The biggest and most popular band in the progressive rock world of the 1970s was almost certainly Pink Floyd. Their star only rose after the release of The Dark Side of the Moon. Pink Floyd posters coated dorm room walls, and the band's recording techniques were copied by wannabees worldwide. What was next for these trendsetters? Making music by twanging rubber bands and banging pots together, of course.
The story of Wish You Were Here is a bumpy one. Pink Floyd had to start over after months of work resulted in an album too bizarre even for them. It also took dedication to overcome divorces, creative conflicts, and the increasingly poor health of a person very close to the band members. It's a miracle the album made it to store shelves.
The Dark Side Of The Moon was a breakthrough album for Pink Floyd, hitting #1 on album sales - compared to their previous peak of #46 - and eventually selling more than 15 million copies, and that was just in the United States.
The workhorse band suddenly found themselves very rich and famous and didn't quite know how to handle it. Bassist Roger Waters even called it "the end of the road." Pink Floyd wanted to deliver an album that was just as innovative as Dark Side, and in search of the perfect idea, they decided to return to their experimental roots.
The concept Pink Floyd settled upon was to make an album using no traditional instruments at all - no guitar, no bass, and no drums. Instead, they'd employ things like aerosol cans, forks, and wine glasses. But the band didn't want the album to be a novelty, so they paid great attention to producing quality tones from the unconventional instruments.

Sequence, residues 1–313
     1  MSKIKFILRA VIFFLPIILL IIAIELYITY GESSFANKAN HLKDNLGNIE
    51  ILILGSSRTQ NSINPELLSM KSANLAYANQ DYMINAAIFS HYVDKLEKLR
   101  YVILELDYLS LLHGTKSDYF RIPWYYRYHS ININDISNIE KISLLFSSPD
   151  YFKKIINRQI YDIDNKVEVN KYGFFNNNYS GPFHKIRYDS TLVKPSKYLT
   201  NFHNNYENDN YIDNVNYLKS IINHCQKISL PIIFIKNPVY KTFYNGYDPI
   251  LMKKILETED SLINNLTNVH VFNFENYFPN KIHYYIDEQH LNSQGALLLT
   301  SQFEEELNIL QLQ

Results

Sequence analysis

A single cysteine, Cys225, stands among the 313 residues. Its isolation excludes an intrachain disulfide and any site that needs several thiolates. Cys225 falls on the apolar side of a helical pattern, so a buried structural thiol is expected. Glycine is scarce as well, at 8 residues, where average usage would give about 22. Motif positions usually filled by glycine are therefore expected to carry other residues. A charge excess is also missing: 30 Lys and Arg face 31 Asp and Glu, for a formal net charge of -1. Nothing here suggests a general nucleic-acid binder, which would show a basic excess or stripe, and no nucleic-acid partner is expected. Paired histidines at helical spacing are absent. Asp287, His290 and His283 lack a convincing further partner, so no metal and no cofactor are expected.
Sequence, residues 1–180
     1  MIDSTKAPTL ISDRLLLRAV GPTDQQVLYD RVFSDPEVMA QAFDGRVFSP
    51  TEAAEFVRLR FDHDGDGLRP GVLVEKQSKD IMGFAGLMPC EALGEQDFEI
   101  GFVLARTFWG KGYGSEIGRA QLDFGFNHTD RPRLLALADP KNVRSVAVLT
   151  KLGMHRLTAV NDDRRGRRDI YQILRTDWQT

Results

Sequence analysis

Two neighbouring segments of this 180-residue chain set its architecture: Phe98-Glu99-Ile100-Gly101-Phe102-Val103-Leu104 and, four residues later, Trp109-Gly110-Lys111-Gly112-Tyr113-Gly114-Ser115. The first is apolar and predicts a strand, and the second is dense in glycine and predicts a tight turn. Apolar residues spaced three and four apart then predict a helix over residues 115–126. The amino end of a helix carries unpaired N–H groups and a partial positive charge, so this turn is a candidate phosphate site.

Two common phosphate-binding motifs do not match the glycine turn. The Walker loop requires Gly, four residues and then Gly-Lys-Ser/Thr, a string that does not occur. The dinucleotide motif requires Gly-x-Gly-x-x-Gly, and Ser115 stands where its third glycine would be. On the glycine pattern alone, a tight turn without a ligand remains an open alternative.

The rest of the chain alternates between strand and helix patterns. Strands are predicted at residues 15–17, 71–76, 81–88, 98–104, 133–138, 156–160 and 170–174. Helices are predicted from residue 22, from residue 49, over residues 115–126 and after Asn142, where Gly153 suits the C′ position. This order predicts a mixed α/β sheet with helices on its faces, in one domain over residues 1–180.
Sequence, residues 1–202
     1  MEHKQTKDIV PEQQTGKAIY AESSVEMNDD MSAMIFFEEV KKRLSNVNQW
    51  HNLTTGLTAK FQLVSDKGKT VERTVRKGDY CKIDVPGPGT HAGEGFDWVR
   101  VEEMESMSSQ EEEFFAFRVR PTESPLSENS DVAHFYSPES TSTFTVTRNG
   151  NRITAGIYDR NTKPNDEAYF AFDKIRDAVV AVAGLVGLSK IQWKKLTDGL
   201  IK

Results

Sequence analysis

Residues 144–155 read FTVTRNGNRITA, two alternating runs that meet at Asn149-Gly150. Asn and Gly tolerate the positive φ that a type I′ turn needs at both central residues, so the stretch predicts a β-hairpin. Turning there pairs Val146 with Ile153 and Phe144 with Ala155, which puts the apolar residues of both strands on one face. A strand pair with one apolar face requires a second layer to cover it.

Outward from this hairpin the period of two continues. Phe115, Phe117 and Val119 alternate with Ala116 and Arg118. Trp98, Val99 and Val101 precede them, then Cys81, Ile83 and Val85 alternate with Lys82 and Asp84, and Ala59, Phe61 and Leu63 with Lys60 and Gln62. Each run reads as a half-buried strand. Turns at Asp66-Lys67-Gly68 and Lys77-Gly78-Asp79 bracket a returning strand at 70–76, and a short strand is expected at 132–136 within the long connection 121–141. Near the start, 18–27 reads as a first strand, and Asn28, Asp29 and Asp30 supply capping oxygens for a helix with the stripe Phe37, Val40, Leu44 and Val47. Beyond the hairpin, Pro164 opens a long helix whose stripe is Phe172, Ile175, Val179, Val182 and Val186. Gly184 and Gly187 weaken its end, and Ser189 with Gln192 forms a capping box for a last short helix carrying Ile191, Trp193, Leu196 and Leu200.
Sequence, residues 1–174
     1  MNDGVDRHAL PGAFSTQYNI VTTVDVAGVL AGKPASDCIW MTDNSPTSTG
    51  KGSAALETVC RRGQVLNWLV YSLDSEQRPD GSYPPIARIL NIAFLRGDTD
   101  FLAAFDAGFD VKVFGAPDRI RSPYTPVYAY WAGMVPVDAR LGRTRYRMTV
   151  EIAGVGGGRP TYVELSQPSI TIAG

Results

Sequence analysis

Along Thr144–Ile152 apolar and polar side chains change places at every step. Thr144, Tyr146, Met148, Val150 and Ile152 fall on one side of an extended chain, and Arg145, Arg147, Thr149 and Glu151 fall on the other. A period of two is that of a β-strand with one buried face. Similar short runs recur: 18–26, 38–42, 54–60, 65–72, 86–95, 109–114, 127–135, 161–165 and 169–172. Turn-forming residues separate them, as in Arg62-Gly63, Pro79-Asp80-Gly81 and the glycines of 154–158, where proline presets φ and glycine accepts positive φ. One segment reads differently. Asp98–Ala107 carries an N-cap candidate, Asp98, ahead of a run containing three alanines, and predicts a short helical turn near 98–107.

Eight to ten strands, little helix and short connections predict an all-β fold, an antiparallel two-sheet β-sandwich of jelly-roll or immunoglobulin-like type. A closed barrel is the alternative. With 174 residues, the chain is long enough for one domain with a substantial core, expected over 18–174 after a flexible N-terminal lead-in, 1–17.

Roger Waters allegedly spent days getting a perfect bass-like sound out of a pencil and rubber band, while drummer Nick Mason attempted to deaden the sound of banging pots and pans so they would resemble snare drums.
While the band members spent weeks experimenting with the "Household Objects" project, they grew frustrated with the lack of results. Nick Mason later claimed, "[We] never managed to produce any actual music... the most we ever achieved was a small number of tentative rhythm tracks."
While this isn't exactly true, only a couple of tracks from these experimental sessions have been released, and they seem half-completed compared to the careful compositions on The Dark Side of the Moon.
The 1973-1974 sessions for "Household Objects" weren't the first time Pink Floyd had tried to use sound effects in place of conventional instruments. Their 1970 album Atom Heart Mother contains a track called "Alan's Psychedelic Breakfast," where sounds including frying eggs and bacon and a dripping faucet were added to a musical riff.
The band was pleased with the final result and started adding sound effects to future albums, including clocks and rattling bullets on The Dark Side of the Moon. They even made a shorter, less dedicated attempt at using household objects in place of instruments during some 1971 sessions.